Global stocks slipped on Monday after their best week since November, as the US dollar regained lost ground as the global coronavirus pandemic worsened.
Wall Street’s benchmark S&P 500 fell 0.6% in afternoon trading in New York, while the highly technological Nasdaq Composite slid 1%.
T-bills also weakened, with the yield on the 10-year note rising for the fifth day in a row to 1.13%, the highest level since March 2020.
The cuts in the United States were led by interest rate sensitive stocks, including utilities and real estate groups, as well as technology companies that had moved over the weekend to ban or suspend US President Donald Trump from their platforms.
Shares of Twitter fell 7% while Facebook fell 3%.
European indices broken winning streak from last week posting losses across the board as the worsening health crisis caught the attention of investors. The region’s benchmark, the Stoxx 600, closed 0.7% lower, London’s FTSE 100 lost 1.1% and Frankfurt’s Xetra Dax lost 0.8%.
“The first quarter of the year will be worse than expected due to lockdowns everywhere, ”said Jean-François Robin, head of global market research at Natixis. “We expected a little better start the year. “
The FTSE All World Index was 0.6% lower, marking its worst day in three weeks.
Monday’s losses came after a good start to 2021 for global equities, with the prospect of another fiscal stimulus in the United States adding to optimism over Covid-19 vaccines and hopes for a rebound in the global economy.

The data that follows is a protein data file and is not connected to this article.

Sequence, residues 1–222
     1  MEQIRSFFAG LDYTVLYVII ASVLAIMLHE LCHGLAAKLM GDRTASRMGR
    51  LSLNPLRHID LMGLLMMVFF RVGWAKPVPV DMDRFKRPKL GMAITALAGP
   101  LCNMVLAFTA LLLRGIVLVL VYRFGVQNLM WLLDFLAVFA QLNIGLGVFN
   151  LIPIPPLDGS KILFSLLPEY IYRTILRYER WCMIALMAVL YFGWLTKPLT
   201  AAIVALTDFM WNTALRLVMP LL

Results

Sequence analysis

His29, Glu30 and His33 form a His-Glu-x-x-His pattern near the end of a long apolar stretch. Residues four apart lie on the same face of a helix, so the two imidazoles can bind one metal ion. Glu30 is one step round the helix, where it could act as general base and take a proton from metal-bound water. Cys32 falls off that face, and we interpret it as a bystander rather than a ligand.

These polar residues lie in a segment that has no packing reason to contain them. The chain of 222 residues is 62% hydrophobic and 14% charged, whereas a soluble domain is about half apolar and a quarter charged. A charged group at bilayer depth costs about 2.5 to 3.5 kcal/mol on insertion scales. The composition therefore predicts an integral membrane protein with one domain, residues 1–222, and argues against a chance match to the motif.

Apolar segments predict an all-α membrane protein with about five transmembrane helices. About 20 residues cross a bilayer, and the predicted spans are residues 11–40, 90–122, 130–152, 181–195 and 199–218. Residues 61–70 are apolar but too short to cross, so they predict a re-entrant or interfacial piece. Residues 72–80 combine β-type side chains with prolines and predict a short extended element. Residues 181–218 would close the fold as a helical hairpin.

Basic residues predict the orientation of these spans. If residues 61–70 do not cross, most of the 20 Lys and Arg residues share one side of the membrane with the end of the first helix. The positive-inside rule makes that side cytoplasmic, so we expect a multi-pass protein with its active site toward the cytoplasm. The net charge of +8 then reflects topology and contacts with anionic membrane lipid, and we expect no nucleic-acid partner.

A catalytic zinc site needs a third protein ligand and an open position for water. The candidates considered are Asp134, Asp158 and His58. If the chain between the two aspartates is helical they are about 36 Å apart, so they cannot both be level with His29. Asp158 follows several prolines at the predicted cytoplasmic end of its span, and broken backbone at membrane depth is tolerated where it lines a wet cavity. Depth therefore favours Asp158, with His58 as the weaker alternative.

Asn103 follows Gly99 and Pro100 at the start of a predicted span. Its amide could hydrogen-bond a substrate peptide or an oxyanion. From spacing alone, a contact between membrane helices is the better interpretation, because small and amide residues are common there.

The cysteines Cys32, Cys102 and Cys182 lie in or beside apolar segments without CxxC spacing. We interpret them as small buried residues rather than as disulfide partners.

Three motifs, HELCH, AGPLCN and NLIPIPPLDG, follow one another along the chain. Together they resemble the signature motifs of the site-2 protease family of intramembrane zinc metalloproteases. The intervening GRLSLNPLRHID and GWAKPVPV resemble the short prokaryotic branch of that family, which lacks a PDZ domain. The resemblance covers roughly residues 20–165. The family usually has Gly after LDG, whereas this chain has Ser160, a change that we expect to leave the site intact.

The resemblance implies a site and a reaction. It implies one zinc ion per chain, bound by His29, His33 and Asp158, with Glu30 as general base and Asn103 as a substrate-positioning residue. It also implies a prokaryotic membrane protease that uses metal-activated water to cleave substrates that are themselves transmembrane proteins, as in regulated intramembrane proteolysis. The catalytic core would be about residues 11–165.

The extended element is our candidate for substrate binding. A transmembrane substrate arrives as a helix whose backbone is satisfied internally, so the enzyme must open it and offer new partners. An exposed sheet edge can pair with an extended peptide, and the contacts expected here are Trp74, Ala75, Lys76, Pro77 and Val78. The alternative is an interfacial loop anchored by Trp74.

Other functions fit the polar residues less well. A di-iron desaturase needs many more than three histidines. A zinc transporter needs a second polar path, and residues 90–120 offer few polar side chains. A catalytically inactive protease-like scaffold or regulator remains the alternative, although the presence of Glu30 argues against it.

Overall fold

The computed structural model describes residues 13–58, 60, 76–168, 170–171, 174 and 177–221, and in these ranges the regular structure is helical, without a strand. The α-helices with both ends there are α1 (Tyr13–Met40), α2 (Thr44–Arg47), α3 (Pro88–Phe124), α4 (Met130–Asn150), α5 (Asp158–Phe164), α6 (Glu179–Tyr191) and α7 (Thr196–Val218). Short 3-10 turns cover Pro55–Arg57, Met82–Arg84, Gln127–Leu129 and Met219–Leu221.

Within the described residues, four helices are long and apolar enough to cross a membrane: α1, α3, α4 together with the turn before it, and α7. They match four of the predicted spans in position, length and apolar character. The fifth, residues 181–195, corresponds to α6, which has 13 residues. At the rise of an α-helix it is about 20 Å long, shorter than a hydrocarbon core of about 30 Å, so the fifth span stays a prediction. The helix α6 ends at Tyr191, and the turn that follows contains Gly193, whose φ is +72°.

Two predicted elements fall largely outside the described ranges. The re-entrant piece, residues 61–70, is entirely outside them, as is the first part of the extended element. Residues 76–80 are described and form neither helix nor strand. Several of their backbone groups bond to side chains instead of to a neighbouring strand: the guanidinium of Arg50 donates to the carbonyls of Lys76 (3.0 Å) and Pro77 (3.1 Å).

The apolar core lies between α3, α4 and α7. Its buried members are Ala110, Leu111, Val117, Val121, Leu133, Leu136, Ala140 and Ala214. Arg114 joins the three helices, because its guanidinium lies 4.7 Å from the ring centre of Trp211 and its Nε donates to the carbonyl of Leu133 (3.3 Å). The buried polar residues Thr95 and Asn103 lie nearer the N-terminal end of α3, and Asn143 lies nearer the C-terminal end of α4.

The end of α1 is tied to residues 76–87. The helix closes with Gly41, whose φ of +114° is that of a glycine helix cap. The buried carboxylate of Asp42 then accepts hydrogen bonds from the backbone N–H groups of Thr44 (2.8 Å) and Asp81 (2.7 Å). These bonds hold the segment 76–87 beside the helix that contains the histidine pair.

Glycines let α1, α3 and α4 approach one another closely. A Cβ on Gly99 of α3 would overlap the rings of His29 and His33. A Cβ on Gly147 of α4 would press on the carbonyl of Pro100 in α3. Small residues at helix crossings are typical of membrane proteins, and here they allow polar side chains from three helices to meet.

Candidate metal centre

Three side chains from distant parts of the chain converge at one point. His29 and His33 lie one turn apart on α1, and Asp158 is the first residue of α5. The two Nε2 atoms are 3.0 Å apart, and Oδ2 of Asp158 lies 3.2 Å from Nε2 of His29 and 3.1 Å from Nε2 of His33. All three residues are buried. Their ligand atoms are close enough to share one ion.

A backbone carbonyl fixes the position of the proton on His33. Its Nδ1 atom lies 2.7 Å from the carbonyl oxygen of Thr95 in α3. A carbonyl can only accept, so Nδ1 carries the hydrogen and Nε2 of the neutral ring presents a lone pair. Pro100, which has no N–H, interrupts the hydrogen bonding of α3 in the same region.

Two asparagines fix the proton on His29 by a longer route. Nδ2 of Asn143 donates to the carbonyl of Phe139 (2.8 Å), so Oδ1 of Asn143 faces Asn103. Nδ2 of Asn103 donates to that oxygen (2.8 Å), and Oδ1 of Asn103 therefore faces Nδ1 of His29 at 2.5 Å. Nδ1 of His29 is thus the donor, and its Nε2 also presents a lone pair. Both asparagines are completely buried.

“In the short term, there is a very real and present danger that the United States could double in the first quarter,” said Richard Saperstein, chief investment officer at Treasury Partners. “We saw the first signs of this with the jobs report last week.”
He said the prospect of Covid-19 vaccines and further stimulus measures had fueled market optimism, but that “if we start to see further surges in Covid-related hospitalizations and deaths, I’m concerned that the ‘market enthusiasm does not turn in the short term’.
Salman Baig, multi-asset investment manager at Unigestion, stressed that equity valuations remain high, with great optimism already embedded. “The profit season will start in the next few weeks; depending on the tone set by some of these companies, it could be difficult, given the valuation situation, ”he said.
The dollar, measured against a basket of peers, rose 0.4%, or 0.6% more for the year. The US currency was raised with Treasury yields on a bet Democratic control of Congress will mean more stimulus for the US economy.
The dollar lost about 7% last year after interest rate cuts by the Federal Reserve reduced the attractiveness of dollar assets and encouraged investors to bet on riskier currencies, such as China. renminbi. Some analysts wait the rebound will be short-lived, with inflation expectations rising while interest rates are expected to remain low for the foreseeable future.
Lee Hardman, currency analyst at MUFG, said the rise in US yields “temporarily triggered a jolt in high short US dollar positions”, which had risen significantly over the past month.
The euro, which has rebounded sharply in recent months, slipped 0.4% against the dollar on Monday to $ 1.2167, while the British pound fell 0.3% to $ 1.3527.
In Asia, China’s CSI 300 index slipped 1% as banks and stock exchanges began to adhere to the president’s decree banning investments in companies with suspected ties to the Chinese military. However, the Japanese Topix jumped 1.6% to its highest level since 2018.